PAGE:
St. Paul, MN
REAL ESTATE & DEMOGRAPHIC DATA






St. Paul profile


Living in St. Paul


St. Paul is a large city located in the state of Minnesota. With a population of 311,527 people and 86 constituent neighborhoods, St. Paul is the second largest community in Minnesota. St. Paul has an unusually large stock of pre-World War II architecture, making it one of the older and more historic cities.

St. Paul is neither predominantly blue-collar nor white-collar, instead having a mixed workforce of both blue-collar and white-collar jobs. Overall, St. Paul is a city of professionals, sales and office workers, and service providers. There are especially a lot of people living in St. Paul who work in office and administrative support (11.79%), management occupations (9.09%), and sales jobs (8.18%).

Also of interest is that St. Paul has more people living here who work in computers and math than 95% of the places in the US.

A relatively large number of people in St. Paul telecommute to their jobs. Overall, about 9.48% of the workforce works from home. While this may seem like a small number, as a fraction of the total workforce it ranks among the highest in the country. These workers are often telecommuters who work in knowledge-based, white-collar professions. For example, Silicon Valley has large numbers of people who telecommute. Other at-home workers may be self-employed people who operate small businesses out of their homes.

St. Paul is one of the most attractive larger cities for people who are young, single, educated, and upwardly-mobile career starters. This makes it a good place to live for young singles in their 20s and 30s and who have undergraduate or graduate degrees and are starting their professional careers. Although St. Paul is a large city, this demographic is significant enough that young professionals will find many others like themselves here, with really good opportunities for friendships, recreation, romance, and more.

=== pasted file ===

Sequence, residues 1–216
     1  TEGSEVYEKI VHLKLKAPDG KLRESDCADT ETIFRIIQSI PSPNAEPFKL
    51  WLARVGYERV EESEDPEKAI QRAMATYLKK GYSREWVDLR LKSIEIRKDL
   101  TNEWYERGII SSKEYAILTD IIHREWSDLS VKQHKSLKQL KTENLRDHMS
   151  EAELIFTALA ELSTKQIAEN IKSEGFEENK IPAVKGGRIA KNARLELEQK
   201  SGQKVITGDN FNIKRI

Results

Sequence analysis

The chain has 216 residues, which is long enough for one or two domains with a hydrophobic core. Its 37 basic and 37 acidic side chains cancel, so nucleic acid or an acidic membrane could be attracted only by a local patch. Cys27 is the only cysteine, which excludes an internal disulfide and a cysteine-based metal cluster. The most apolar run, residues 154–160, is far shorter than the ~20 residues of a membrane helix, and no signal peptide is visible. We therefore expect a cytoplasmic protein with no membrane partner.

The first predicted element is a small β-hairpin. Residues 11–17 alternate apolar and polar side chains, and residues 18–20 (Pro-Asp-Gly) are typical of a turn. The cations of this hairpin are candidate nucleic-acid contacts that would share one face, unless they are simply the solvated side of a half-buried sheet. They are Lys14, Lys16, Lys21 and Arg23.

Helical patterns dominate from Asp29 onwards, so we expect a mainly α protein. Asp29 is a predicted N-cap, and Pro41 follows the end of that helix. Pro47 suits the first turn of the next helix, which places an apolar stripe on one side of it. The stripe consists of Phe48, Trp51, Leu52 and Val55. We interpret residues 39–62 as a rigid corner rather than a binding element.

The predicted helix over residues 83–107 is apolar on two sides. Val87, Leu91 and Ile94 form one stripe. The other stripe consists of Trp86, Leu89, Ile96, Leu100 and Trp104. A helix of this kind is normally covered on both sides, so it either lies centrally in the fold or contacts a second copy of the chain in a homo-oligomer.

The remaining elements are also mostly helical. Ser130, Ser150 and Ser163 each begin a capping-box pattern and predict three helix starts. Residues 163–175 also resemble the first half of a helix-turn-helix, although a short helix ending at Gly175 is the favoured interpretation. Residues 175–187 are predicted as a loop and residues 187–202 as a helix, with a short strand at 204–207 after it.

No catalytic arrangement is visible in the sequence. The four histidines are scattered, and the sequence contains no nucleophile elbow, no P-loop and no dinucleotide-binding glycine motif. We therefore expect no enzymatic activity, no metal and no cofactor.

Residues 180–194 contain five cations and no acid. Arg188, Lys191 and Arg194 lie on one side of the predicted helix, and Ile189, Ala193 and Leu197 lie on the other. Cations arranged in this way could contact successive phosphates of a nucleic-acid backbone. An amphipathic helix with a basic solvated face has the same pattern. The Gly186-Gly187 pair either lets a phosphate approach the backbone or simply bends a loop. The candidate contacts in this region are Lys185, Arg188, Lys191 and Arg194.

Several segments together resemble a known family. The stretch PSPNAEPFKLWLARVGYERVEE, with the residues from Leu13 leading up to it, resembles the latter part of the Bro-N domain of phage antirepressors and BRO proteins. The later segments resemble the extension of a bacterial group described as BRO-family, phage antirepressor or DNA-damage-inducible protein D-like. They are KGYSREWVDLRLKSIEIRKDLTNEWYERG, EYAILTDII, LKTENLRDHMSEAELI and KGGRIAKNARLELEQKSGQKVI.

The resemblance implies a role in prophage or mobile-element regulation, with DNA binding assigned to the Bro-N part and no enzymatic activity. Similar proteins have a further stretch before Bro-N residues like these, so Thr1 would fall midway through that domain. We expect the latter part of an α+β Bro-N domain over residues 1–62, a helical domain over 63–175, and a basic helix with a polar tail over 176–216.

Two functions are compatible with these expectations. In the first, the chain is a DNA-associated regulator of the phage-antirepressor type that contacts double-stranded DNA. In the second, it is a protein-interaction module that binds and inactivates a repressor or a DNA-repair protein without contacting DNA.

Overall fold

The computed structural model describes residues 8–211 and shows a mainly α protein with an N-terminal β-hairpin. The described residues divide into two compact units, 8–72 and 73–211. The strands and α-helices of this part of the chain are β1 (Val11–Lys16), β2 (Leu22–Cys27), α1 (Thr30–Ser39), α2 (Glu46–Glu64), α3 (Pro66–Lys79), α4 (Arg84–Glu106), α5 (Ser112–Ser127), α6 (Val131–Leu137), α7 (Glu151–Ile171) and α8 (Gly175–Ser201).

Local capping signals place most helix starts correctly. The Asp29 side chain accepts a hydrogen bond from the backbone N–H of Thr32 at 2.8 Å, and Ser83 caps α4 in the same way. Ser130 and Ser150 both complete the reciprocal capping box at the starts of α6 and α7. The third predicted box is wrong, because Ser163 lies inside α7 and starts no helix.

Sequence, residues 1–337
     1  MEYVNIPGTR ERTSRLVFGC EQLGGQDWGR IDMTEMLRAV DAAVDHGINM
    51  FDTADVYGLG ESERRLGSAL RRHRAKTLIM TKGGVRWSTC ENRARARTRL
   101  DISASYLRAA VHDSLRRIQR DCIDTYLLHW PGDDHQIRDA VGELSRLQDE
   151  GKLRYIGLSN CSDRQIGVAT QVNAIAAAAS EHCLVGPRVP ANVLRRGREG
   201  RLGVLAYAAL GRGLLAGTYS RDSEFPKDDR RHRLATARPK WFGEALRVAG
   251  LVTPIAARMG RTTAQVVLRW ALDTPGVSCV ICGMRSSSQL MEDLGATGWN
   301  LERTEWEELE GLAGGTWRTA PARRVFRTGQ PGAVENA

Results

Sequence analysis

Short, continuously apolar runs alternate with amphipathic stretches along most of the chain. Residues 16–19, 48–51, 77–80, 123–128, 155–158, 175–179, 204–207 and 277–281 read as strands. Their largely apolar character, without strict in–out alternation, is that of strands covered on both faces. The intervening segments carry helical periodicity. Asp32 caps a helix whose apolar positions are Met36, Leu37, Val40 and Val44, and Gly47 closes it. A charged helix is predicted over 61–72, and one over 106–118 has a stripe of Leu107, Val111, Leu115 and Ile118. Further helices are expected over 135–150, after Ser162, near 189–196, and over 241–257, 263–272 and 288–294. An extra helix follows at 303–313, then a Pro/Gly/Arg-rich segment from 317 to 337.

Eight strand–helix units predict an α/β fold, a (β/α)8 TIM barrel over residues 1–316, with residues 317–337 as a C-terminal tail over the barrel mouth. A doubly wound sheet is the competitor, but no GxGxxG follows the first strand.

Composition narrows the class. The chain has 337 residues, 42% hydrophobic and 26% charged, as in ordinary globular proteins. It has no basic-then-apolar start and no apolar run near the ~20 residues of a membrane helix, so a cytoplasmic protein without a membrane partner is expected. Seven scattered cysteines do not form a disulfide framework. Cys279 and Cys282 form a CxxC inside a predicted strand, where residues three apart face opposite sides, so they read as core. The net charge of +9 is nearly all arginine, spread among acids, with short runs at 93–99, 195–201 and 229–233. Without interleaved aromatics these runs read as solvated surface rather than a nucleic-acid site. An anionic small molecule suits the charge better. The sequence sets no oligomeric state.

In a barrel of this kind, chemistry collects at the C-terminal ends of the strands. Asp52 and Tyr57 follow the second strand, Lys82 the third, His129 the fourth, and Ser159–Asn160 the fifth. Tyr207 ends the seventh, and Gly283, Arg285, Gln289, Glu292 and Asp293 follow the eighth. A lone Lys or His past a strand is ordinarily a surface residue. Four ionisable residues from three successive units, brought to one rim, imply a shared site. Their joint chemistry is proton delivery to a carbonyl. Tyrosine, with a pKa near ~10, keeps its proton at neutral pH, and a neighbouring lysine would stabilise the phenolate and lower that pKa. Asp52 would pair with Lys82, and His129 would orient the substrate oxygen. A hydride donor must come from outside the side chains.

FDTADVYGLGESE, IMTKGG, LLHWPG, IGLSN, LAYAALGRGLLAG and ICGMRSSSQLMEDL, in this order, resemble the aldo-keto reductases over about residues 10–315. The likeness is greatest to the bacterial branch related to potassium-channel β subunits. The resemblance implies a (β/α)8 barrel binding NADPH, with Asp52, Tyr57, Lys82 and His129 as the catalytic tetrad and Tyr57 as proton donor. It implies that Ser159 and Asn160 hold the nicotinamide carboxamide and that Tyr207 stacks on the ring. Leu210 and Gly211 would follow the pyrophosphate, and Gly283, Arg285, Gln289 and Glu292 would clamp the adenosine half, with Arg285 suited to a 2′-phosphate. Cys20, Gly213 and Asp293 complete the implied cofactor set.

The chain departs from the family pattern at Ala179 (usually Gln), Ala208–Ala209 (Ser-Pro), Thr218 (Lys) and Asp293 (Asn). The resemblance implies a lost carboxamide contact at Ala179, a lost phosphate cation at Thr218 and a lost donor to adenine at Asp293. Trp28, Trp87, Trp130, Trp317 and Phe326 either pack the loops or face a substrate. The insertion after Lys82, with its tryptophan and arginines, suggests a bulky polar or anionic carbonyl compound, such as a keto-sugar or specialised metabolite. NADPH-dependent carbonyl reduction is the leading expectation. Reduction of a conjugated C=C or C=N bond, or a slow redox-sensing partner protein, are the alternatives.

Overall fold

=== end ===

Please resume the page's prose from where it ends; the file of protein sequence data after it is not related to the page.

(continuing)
St. Paul is a big city, and with that comes lots of benefits. One benefit is that most big cities have public transit, but St. Paul really shines when it comes to the extensiveness and use of its public transit system. More than most large American cities, St. Paul citizens use public transit daily to get to and from work. And while there are transportation options, most people in St. Paul ride the bus. Whereas in some cities one is destined to sit in traffic every morning to get to work and every evening to get home, in St. Paul a lot leave their cars at home (if they even choose to own one), and hop a ride on the bus.

St. Paul is one of the most well-educated cities in the nation. 41.34% of adults in St. Paul have at least a bachelor's degree. Compare that to the average community in America, which has just 21.84% with a bachelor's degree or higher.

The per capita income in St. Paul in 2018 was $32,779, which is upper middle income relative to Minnesota and the nation. This equates to an annual income of $131,116 for a family of four. However, St. Paul contains both very wealthy and poor people as well.

St. Paul is an extremely ethnically-diverse city. The people who call St. Paul home describe themselves as belonging to a variety of racial and ethnic groups. The greatest number of St. Paul residents report their race to be White, followed by Asian. Important ancestries of people in St. Paul include German, Irish, Norwegian, Swedish, and English.

In addition, St. Paul has a lot of people living here who were born outside of the US (19.72%).

The most common language spoken in St. Paul is English. Other important languages spoken here include Miao/Hmong and Spanish.